The various download services have always been a bastion of 2D gaming, but I can’t recall a month this packed with sidescrollers since the SNES and Genesis were in play. And perhaps most surprising of all is that there’s not a lot of overlap; though some of these April games feature nonlinear, Metroid-style exploration, all of them have a distinct voice and style.
Let’s start with the clear favorite, and surely one of the best of 2013…
Guacamelee! ($15, PlayStation 3/Vita)
Ever since DrinkBox Studios hit the scene with Mutant Blobs Attack, I knew that team was going places, but Guacamelee! exceeded every expectation. As much as I love the Metroid formula – and yes, I’m itching to tack on the always-awkward -vania suffix – I’ve seen so many variations over the years that have amounted to little more than fetch quests. Sure, your fancy new missile or double jump may get you past a certain roadblock, but that often ends up requiring less skill and more map reading. What makes Guacamelee! such a success is that it actually offers a stiff challenge. You need a certain level of dexterity to play this game, especially when it comes to the hidden rooms and power-ups. It’s not brutally difficult, but it’s nice to see an entry in the sub-genre with actual level design.
And while we (and so many others) have talked about this to death, the game’s gorgeous, luchador-inspired artwork is a reminder of how silky hand-drawn animation can still turn heads. While there are still some talented studios putting out sprite-based games (like WayForward), few are able to match Guacamelee!‘s fluidity. It’s both stunning AND functional!
Thomas Was Alone ($10, PlayStation 3/Vita)
So I’m cheating a little bit by highlighting this slightly cheaper game, but I really wouldn’t want to see Thomas get lost in the shuffle. Much like Tom Haverford in that “murinal” episode of “Parks and Recreation,” I can’t get enough of these shapes! You play as simple polygons – a high-jumping yellow rectangle or a huge blur square that can float, for instance – but through simple, occasionally too-precious narration, each “character” gets a distinct personality. These shapes represent rogue artificial intelligence, with names, dreams and emotions. It’s an interesting experiment in conveying character through minimal means, and while the story doesn’t really “go” anywhere, these shapes will gradually win you over.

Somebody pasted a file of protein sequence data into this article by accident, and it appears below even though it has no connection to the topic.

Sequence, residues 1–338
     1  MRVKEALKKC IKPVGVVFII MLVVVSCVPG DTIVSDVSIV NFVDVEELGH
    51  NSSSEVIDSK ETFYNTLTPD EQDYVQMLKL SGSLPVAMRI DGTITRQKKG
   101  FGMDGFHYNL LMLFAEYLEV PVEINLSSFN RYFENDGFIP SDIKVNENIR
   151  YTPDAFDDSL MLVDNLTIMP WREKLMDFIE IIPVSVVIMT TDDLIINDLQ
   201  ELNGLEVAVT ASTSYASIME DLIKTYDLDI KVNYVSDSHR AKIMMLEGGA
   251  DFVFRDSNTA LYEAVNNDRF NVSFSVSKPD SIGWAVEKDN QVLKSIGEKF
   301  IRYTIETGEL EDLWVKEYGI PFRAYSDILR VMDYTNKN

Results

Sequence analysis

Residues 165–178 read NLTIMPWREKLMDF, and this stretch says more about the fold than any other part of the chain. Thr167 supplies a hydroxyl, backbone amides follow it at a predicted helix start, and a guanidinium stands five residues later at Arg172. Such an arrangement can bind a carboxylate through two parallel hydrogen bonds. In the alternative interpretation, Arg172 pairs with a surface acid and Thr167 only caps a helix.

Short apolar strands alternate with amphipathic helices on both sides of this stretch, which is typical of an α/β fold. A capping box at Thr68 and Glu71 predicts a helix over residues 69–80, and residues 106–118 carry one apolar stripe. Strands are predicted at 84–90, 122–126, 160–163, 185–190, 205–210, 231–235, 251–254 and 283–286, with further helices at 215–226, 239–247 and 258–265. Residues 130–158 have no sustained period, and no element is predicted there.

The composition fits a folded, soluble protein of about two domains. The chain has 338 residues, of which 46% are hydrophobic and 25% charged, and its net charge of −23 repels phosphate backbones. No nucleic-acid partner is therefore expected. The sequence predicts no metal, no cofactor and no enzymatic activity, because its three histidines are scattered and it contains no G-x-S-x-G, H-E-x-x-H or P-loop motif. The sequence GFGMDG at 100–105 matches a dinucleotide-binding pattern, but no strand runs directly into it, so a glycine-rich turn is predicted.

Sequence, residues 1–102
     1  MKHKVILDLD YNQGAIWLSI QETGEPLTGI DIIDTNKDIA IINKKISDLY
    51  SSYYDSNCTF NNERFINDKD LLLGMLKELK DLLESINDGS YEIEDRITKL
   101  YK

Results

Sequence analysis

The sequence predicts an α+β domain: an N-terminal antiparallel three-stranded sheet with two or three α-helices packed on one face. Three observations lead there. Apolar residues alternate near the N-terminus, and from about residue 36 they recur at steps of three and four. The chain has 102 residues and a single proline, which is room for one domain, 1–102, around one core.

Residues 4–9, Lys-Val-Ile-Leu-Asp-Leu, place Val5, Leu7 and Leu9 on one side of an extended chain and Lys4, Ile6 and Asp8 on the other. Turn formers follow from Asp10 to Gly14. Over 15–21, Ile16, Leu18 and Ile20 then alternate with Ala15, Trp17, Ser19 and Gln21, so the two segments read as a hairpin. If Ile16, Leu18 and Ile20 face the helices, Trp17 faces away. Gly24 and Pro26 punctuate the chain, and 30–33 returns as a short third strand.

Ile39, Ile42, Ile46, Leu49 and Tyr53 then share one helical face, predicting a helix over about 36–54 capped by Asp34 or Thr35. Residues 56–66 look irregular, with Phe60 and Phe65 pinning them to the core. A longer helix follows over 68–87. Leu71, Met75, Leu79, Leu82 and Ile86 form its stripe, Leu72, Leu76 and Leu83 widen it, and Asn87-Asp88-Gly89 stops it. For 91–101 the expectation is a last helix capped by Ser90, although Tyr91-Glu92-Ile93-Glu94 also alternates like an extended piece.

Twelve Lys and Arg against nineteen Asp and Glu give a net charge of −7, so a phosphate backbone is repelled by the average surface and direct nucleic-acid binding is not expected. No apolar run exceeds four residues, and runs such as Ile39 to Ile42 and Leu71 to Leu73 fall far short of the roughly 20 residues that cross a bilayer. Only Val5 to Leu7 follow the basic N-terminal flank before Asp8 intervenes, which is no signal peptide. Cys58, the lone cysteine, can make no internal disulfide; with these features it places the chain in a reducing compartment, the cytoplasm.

They’re lucky that they’re starring in a pretty fun update on The Lost Vikings. Like that game, each shape has a unique ability, and you take turns alternating through these abilities to progress. (Early example: the orange square, Chris, can’t jump very high, so he’ll have to use pink rectangle Laura’s trampoline ability.) With as many as 7 or 8 shapes to manage later on, there’s some (perhaps unavoidable) backtracking, and I’m not convinced that Bossa Studios and co. explored the mechanics as fully as they could have, but this is still an excellent game worth your time.
BattleBlock Theater (Xbox 360, $15)
These days, it seems like Microsoft is more interested in selling you crappy pizza than video games, but at least BattleBlock Theater finally made it out the door. After seeing Behemoth’s latest at four (!) consecutive PAX Easts, I had my doubts, but this is the Alien Hominid PDA mini-game sequel I never realized I needed. Like that forgotten treasure, BattleBlock takes a barest essentials approach to platforming. The levels are all very short and densely packed with traps, and while there are a few scattered items to help you survive, your basic double-jump will get you through most challenges. Eventually.
BattleBlock can be hard, at times bringing out the same masochistic streak as Super Meat Boy, but it’s mitigated a bit by the hilarious narration from Will Stamper of Newgrounds fame. He’s a dead ringer for Dan Castellaneta (I’m thinking Robot Devil), and his manic delivery sells even the most juvenile dialogue. I adore the soundtrack, too; the “secret” scat singing belongs in the pantheon alongside the Skullmonkeys‘ “Little Bonus Room.”
Toki Tori 2 (Wii U/PC, $15)
I haven’t spent nearly as much time with this one as I’d like, but it definitely seems like a worthy successor to the original Toki Tori. With any luck, it won’t take a decade or so for this relaxing puzzle-platformer to catch on.
Toki Tori 2 has the same colorful style and plucky main character, but instead of pushing blocks and using tools, you’re whistling and stomping to manipulate the wildlife around you. Unlike the other games here, Toki Tori 2 doesn’t provide you with much context, or even basic tutorials. Instead, subtle environmental cues teach you most of what you need to know. Though this approach can occasionally be maddening, I really respect Two Tribes for respecting the player. Wii U owners (understandably) begging for content shouldn’t ignore this one.